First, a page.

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The cisterns of Elyros

Elyrus or Elyros (Ancient Greek: Ἔλυρος)[1] was a town of ancient Crete, which the Periplus of Pseudo-Scylax places between Cydonia and Lissus. It had a harbour, Syia (Συΐα),[2] situated on the south coast of the island, 60 stadia west of Poecilassus.[3] Pausanias states that the city existed in his time in the mountains of Crete. He adds that he had seen at Delphi the bronze goat which the Elyrians had dedicated, and which was represented in the act of giving suckle to Phylacis and Phylander, children of Apollo and the nymph Acacallis, whose love had been won by the youthful god at the house of Casmanor at Tarrha.[4] It was the birthplace of Thaletas,[5] who was considered as the inventor of the Cretic rhythm, the national paeans and songs, with many of the institutions of his country.[6] Elyrus appears in Hierocles' list of Cretan cities, then reduced in number to twenty-one.[7] The coins of this city have the type of a bee upon them.[8]

Its site is located in on Kefala Hill near the village of Rodovani.[9][10] Robert Pashley discovered the site in the 19th century. The first object that presents itself is a building consisting of a series of arches; next, vestiges of walls, especially on the north and northeast sides of the ancient city. The circuit of these must originally have been two miles (3 km); at a slight elevation above are other walls, as of an acropolis. Further on are some massive stones, some pieces of an entablature, and several fragments of the shafts of columns, all that now remains of an ancient temple.[11]

It has not been excavated.


Classical Era[edit]

Elyrus was flourishing at least as early as the Greek Classical Period, e.g. 500 to 350 BCE.[12] In the Classical Period Elyrus was the most important ancient city in southwestern Crete, having about 16,000 inhabitants. It was an industrial and commercial city with large weapons production. Syia and Lissus were its harbours. Apollo, Phylakides and Philandros, sons of Apollo and nymph Akakallida, were worshiped there.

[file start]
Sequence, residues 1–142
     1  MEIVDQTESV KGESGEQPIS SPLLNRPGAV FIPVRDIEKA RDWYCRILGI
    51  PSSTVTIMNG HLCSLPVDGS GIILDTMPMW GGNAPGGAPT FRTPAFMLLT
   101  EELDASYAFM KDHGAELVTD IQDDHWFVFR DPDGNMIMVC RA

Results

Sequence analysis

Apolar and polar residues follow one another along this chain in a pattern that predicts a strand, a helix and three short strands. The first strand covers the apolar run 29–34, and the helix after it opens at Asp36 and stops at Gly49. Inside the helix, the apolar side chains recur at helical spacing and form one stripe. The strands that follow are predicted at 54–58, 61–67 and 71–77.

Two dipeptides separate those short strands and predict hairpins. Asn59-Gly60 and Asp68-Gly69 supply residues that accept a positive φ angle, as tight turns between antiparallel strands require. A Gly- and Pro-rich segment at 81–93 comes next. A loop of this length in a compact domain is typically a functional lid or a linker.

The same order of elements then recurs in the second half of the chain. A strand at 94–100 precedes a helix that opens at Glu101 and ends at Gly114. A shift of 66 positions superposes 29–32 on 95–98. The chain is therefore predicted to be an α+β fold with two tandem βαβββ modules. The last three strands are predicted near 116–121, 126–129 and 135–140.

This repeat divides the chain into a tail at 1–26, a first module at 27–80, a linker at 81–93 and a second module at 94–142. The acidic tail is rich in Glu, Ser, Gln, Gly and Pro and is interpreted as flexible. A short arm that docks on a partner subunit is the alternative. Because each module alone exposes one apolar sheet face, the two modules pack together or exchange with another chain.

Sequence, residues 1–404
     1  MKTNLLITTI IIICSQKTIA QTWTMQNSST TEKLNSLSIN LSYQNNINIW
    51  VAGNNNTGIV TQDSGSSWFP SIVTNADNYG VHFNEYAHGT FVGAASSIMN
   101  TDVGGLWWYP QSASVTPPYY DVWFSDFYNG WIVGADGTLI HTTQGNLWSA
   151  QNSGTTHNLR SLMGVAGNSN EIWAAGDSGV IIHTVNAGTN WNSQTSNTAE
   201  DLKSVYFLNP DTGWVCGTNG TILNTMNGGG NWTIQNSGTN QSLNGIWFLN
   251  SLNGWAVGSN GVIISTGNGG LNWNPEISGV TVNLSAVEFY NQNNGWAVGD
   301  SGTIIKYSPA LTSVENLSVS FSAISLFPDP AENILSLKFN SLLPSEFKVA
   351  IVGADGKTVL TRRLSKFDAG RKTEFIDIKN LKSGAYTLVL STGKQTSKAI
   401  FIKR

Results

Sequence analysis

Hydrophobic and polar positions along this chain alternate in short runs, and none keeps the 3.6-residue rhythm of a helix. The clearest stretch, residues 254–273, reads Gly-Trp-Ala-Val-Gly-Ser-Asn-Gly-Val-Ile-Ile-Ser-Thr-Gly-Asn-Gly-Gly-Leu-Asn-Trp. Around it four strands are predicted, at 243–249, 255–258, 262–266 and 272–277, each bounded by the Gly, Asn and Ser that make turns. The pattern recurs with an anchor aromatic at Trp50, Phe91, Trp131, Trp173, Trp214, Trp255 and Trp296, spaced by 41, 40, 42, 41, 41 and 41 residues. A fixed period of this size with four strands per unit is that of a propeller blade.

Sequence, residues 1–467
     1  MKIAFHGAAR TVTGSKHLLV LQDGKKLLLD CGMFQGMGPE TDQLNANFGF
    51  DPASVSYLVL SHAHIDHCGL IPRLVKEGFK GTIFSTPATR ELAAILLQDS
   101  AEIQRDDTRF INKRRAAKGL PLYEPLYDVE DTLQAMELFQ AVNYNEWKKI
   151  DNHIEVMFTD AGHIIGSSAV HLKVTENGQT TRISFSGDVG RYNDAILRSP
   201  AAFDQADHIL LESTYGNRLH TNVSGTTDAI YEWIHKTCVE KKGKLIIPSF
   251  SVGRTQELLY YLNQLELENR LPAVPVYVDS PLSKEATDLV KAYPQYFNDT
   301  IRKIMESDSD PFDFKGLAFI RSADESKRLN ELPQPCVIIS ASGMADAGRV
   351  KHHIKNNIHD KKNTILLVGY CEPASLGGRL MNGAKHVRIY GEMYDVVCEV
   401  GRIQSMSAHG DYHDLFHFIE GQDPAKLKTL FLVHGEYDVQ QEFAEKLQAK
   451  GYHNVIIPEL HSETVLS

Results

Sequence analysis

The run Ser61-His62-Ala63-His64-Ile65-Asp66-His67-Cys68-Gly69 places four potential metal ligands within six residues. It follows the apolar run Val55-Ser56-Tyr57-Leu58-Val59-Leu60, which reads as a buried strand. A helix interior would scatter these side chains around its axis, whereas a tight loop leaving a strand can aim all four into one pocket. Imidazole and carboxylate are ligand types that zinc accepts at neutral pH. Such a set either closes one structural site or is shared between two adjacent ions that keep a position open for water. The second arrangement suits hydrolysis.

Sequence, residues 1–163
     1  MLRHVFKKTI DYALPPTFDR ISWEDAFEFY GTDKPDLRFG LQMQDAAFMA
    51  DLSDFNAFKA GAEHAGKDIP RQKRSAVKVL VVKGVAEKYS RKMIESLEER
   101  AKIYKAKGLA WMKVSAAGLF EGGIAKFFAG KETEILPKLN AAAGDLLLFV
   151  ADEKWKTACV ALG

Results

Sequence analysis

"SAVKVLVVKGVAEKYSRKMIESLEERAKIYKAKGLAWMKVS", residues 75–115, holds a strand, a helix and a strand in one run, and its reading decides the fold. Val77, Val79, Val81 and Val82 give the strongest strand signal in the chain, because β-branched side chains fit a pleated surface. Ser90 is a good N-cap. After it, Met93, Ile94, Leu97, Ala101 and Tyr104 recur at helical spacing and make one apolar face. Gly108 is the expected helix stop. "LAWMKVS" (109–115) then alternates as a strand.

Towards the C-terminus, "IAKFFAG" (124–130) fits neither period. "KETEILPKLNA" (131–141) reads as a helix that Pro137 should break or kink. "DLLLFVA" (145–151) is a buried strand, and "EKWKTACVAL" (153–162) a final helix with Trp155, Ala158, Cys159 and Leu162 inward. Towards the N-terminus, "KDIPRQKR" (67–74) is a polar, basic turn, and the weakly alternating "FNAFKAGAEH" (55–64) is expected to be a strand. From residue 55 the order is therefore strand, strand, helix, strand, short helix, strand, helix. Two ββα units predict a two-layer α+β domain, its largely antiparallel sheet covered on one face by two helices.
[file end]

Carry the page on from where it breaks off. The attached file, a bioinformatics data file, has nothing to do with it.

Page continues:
Hellenistic Era[edit]

In the 3rd century BCE, Elyrus was at war with Kydonia, an important center of Cretan power, located in the modern city of Chania.[13] The citizens of Elyrus sent to the Oracle at Delphi a bronze votive complex that represents a goat feeding the sons of Apollo when they were infants. It is also one of the thirty cities that signed the decree with Eumenes II in 183 BCE.

Roman Era[edit]

Elyrus was also important during Roman times. A Roman statue, the Philosopher of Elyrus, was recovered here and is now in the Archaeological Museum of Chania.

Byzantine Era[edit]

During Byzantine times, Elyrus was the seat of an Archbishop. The remains of the bishopric church, a 6th-century basilica, can still be seen in the centre of the old city.


Robert Pashley was the first to identify the location of the city, near the village of Rodovani. Thenon[who?] studied the ruins of the city more carefully and discovered the inscription that says: “it seemed to the city of the Elyrians”.[citation needed]


  1. ^ Stephanus of Byzantium. Ethnica. Vol. s.v.
  2. ^ Stephanus of Byzantium. Ethnica. Vol. s.v.
  3. ^ Stadiasmus Maris Magni, p. 299 ed. Hoffmann
  4. ^ Pausanias. Description of Greece. Vol. 10.16.3.
  5. ^ Suda s.v. Ἔλυρος
  6. ^ Strabo. Geographica. Vol. x. p.480. Page numbers refer to those of Isaac Casaubon's edition.
  7. ^ Hierocles. Synecdemus. {{cite encyclopedia}}: |author= has generic name (help)
  8. ^ Pellerin, Rec. des Méd. vol. iii. p. 68; Mionnet, Supplément, vol. iv. p. 319.
  9. ^ Richard Talbert, ed. (2000). Barrington Atlas of the Greek and Roman World. Princeton University Press. p. 60, and directory notes accompanying.
  10. ^ Lund University. Digital Atlas of the Roman Empire.
  11. ^ Robert Pashley, Travels, vol. ii. p. 105.
  12. ^ The History of Crete
  13. ^ C. Michael Hogan, Cydonia


  • The History of Crete: Chronological order of the history of Crete [1]
  • C. Michael Hogan, Cydonia, Modern Antiquarian, January 23, 2008 [2]

 This article incorporates text from a publication now in the public domainSmith, William, ed. (1854–1857). "Elyrus". Dictionary of Greek and Roman Geography. London: John Murray.

Coordinates: 35°17′16″N 23°47′44″E / 35.287701°N 23.795528°E / 35.287701; 23.795528